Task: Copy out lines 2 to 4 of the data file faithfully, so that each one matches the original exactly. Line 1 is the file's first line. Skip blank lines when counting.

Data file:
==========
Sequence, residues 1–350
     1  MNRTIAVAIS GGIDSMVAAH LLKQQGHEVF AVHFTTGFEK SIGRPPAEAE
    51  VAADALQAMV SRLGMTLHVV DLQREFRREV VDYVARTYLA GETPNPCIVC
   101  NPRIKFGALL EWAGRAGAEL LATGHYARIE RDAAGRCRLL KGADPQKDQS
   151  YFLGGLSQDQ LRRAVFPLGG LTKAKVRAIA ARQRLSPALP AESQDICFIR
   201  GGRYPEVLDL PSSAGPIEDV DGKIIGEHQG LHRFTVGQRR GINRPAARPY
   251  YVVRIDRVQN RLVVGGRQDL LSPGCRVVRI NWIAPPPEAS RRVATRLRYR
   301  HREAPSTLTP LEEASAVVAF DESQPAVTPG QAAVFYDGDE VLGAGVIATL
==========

     1  MNRTIAVAIS GGIDSMVAAH LLKQQGHEVF AVHFTTGFEK SIGRPPAEAE
    51  VAADALQAMV SRLGMTLHVV DLQREFRREV VDYVARTYLA GETPNPCIVC
   101  NPRIKFGALL EWAGRAGAEL LATGHYARIE RDAAGRCRLL KGADPQKDQS